Ukraine sends U.S. senators 4 specific requests on Russia sanctions, military aidScoop: The chairman of Ukraine's parliament has sent a letter to eight U.S. senators outlining four specific requests for security assistance and sanctions that Kyiv believes will help deter a Russian invasion. Putin’s daughters and piggy banks This is INSIDER stuff. This is why citizens are always in the dark about war; It's never really what meets the eye. It's just political figures lurking and connecting. Be more transparent. Scoop, which rhymes with 💩, which is the Axios mission statement
US struggles to find alternate gas sources to EU amid Moscow-Kiev standoffThere are 'logistical challenges, especially moving natural gas,' says Washington, which is holding talks with companies over a potential diversion of energy supplies to Europe if Russia invades Ukraine. Iran could be a better option I think 🤔😂
$2.9 Billion Worth of Bitcoin Moved from Exchanges Following Bitcoin's Spike to $39,000$BTC traders move away $3 billion worth of coins from exchanges, but it is still not enough BTS_Butter BTS member's r buying more CheemsInu in dip 🤔😮🤔🤔🤔🤔🤔🤔🤔 shib ShibArmy 🐶 WAGMI COINBASE 🛰️soon releases ShibaSwap 2.0, Shibarium, Shi, ShibaNet, Games NFT Shiboshis...
$2.9 Billion Worth of Bitcoin Moved from Exchanges Following Bitcoin's Spike to $39,000⬆ +11 $2.9 Billion Worth of Bitcoin Moved from Exchanges Following Bitcoin's Spike to $39,000 $BTC bitcoin
Biden Says Russian Invasion Of Ukraine A 'Distinct Possibility'The Kremlin also sounded a grim note, saying it saw “little ground for optimism” in resolving the crisis diplomatically. It’s time for Russia to claim what’s its. teamRussia How can we afford it? Because they’re hell bent on invading? Duh.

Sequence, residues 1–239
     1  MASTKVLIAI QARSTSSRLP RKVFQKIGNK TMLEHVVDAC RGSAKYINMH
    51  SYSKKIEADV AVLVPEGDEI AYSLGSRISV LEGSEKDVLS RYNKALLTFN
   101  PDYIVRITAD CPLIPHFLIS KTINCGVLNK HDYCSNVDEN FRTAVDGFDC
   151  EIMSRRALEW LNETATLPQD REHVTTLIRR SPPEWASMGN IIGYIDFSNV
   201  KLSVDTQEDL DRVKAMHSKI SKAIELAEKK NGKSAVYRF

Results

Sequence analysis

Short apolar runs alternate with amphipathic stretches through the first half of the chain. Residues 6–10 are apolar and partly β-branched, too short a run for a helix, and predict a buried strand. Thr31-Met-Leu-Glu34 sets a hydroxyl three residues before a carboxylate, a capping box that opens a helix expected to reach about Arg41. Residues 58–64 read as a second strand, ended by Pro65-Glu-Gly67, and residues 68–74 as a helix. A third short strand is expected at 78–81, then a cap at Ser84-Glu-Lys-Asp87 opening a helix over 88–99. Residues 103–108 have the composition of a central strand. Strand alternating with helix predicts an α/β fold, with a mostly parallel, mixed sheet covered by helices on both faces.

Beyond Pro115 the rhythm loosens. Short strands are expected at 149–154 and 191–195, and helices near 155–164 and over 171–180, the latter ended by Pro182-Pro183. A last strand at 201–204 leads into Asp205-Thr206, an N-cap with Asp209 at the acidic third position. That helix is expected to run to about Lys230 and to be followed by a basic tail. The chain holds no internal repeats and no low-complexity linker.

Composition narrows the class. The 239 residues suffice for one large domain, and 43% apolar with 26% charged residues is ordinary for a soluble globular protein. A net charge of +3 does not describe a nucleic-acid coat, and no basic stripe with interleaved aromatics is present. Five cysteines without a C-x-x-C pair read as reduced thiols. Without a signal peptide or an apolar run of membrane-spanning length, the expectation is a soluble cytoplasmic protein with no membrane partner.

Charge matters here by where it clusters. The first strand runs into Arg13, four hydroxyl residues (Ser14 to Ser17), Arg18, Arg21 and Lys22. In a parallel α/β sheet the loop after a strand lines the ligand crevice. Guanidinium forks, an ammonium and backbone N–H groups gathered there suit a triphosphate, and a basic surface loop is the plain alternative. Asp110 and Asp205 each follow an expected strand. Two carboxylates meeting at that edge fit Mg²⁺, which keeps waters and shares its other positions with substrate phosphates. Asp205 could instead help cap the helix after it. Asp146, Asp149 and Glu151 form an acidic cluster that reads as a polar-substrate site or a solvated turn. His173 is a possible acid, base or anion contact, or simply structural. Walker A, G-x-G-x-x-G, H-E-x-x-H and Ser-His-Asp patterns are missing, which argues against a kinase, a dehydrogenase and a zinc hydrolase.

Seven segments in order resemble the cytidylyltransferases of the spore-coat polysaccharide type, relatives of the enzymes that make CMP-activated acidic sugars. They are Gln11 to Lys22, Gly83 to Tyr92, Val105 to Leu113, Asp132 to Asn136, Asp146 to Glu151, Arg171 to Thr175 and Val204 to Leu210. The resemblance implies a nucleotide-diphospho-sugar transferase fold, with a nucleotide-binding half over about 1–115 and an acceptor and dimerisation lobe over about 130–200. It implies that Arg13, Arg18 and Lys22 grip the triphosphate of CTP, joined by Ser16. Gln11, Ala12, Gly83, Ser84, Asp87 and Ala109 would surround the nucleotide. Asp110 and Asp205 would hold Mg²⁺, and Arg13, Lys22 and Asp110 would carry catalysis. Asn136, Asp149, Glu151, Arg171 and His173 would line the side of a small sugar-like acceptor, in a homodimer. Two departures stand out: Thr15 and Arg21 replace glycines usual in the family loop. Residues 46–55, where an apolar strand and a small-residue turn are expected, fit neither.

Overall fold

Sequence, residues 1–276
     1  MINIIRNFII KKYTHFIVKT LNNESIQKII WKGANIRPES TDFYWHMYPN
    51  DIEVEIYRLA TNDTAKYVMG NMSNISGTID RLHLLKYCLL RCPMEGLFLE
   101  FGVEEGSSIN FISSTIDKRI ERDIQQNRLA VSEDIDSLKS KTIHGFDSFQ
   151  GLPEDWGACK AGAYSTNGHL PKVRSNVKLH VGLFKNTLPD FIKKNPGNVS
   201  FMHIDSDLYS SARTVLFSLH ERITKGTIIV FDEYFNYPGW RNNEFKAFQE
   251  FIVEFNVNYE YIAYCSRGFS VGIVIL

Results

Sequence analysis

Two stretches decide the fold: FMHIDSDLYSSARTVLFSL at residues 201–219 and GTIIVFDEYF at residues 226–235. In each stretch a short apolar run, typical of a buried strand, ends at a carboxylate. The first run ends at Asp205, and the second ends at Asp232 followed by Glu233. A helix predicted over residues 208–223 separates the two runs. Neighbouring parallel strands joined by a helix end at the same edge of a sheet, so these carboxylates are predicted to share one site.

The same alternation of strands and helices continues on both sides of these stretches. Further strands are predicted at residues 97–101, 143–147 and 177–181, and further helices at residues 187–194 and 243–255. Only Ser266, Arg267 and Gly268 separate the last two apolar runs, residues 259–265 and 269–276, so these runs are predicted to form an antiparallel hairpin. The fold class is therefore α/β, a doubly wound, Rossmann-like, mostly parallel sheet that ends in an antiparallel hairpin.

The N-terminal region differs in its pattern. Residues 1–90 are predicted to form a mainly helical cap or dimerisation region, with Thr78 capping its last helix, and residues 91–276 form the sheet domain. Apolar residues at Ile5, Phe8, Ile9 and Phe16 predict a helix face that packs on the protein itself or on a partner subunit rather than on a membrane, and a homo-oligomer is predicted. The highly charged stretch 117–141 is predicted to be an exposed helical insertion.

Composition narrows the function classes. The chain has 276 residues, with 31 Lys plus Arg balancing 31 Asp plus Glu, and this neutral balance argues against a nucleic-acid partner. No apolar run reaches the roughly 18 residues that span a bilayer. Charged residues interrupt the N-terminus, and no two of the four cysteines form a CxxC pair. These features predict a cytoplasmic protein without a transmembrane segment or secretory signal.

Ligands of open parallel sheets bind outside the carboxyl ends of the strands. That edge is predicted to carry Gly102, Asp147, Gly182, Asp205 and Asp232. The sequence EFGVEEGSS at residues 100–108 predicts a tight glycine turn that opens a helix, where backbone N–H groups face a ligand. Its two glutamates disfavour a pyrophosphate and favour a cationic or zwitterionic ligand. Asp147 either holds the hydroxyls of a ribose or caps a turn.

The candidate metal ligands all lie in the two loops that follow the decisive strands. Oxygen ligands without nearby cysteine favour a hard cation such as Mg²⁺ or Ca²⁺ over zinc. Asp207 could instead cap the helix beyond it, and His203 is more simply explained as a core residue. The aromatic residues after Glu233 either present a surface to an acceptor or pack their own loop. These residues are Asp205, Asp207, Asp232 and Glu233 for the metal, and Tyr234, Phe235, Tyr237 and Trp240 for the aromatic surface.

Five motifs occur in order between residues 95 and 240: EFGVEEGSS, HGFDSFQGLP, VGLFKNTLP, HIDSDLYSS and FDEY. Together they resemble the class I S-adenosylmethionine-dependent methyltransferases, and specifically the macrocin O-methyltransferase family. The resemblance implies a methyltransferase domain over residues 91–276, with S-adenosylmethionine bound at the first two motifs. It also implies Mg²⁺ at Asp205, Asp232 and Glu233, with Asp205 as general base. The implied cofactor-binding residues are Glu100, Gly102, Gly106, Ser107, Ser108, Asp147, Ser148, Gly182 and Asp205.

2:48 Russian escalation along Ukraine border grows Ian Pannell reports on the latest developments as tensions between the two countries continue to escalate. Alex Brandon/AP, FILE The nation's top defense officials, Defense Secretary Lloyd Austin and Chairman of the Joint Chiefs of Staff Mark Milley said Friday that Russia now has amassed enough military forces to move on Ukraine, possibly even its largest cities. Both leaders urged Moscow to seek a peaceful resolution to the crisis with Ukraine and reassured NATO allies that the U.S. was ready to help reinforce NATO nations bordering Ukraine. Austin told reporters that Russian military forces have"progressed at a consistent and steady pace" for months as the Kremlin has deployed forces to Crimea and along Ukraine's border, including in Belarus. "We don't believe that President Putin has made a final decision to use these forces against Ukraine. He clearly now has that capability, and there are multiple options available to him," Austin said."Including the seizure of cities and significant territories" or"provocative political acts like the recognition of breakaway territories." Alex Brandon/AP, FILE Secretary of Defense Lloyd Austin participates in a media briefing at the Pentagon, Nov. 17, 2021, in Washington. Milley, the nation's highest-ranking military officer, said the Russian government has amassed more than"100,000 ground forces, air forces, naval forces, special forces, cyber, electronic warfare, command and control, logistics, engineers and other capabilities along the Ukraine border." MORE: US, NATO using military moves to send message to Russia over Ukraine Asked if this threat feels different from years past, Miley said,"This is larger than anything in scale and scope in the massing of forces than anything we've seen in recent memory." Milley added that given the array of forces and the amount of firepower the Russian military has amassed a Russian invasion would be catastrophic for Ukraine, causing"a significant amount of casualties." "You can imagine what that might look like in dense urban areas, along roads and so on and so forth. It would be horrific. It would be terrible," he said."And it's not necessary, and we think a diplomatic outcome is the way to go here." EyePress News/Shutterstock A S-400 air defense system drill is carried out in the Sverdlovsk Region of Russia. With 8,500 U.S. troops in the U.S. on"heightened alert" this week to head to the region, Austin said,"If NATO activates its Response Force, these troops will be ready to go." "Putting our forces on a shorter string enables us to get there in a shorter period of time," said Austin. He explained that the decision to announce the heightened alert status reflected the focus"on making sure we're ready to live up to our commitment to NATO. "Conflict is not inevitable. There is still time and space for diplomacy," Austin continued."The United States, in lockstep with our allies and partners, has offered Russia a path away from crisis and toward greater security in the Department of Defense will continue to support those diplomatic efforts." "We're focused on reassuring our allies and that's what this is all about," said Austin."In terms of trusting Putin, I don't think this is about trusting Putin. This is about our allies trusting us." He also the U.S. remains committed to sending financial security assistance to Ukraine and holding a united front with NATO allies. Maksim Levin/Reuters A service member of the Ukrainian armed forces strokes a dog at combat positions near the line of separation from Russian-backed rebels outside the town of Avdiivka in Donetsk Region, Ukraine Jan. 25, 2022. "As we've made clear, in addition to the significant economic and diplomatic costs that Russia will incur, a move on Ukraine will accomplish the very thing Russia says it does not want a NATO Alliance strengthened and resolved on its western flank," Austin said."The United States will contribute to NATO's response forces, and we will coordinate with our NATO allies, and we will make sure that they have the capabilities that they need to defend themselves." Asked what it would take for him to trust Russian President Vladimir Putin, Austin said it's not about trusting Putin but"about our allies trusting us -- and so that's really what we're focused on." The White House said President Joe Biden had a call with Ukraine President Volodymyr Zelenskyy on Thursday, to"reaffirm our support for Ukraine's sovereignty and territorial integrity," after the U.S. hand-delivered its diplomatic response to Russia's security demands and refused to agree to its central request that Ukraine never be allowed into NATO. At a press briefing Friday morning from Moscow, Ambassodor John Sullivan, who delivered that U.S. response Thursday, reiterated that any further incursion to Ukraine would be met with massive economic sanctions. MORE: US warns Russian attack may be 'imminent,' Ukraine disagrees: Here's why Russia's Foreign Minister Sergei Lavrov, in a press conference with Russian media on Friday, countered that the Kremlin will take retaliatory measures unless a guaranteed security agreement is reached with the West. "If our attempt at reaching an agreement on mutually acceptable principles of the provision of European security fails, we will resort to retaliatory measures," Lavrov said. Pavlo Palamarchuk/AP Ukrainian soldiers take part in an exercise for the use of NLAW anti-tank missiles at the Yavoriv military training ground, close to Lviv, western Ukraine, Jan. 28, 2022. British defense secretary Ben Wallace said the U.K. had already delivered 2,000 NLAWs to Ukraine. Later on Friday, French President Emmanuel Macron was scheduled to speak directly with Putin as world leaders engage in finding a diplomatic solution. While White House press secretary Jen Psaki repeated on Thursday the Biden administration's belief that an invasion of Ukraine could"come at any time" as Russian troops continue military exercises in a show of force, officials in Ukraine have urged their people not to panic. While it's unclear if Russia if or when Russia may actually invade, some have speculated an offensive could be timed with the upcoming Winter Olympics in Beijing as Russia has used both winter and summer Olympic Games in the past as cover to launch military action.